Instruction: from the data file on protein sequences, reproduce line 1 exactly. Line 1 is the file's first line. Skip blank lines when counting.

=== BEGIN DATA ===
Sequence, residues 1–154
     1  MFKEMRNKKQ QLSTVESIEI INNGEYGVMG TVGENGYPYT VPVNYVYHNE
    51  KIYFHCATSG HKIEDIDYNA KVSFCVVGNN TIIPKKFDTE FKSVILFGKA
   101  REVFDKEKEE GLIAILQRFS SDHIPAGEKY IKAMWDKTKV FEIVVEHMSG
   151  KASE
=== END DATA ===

Sequence, residues 1–154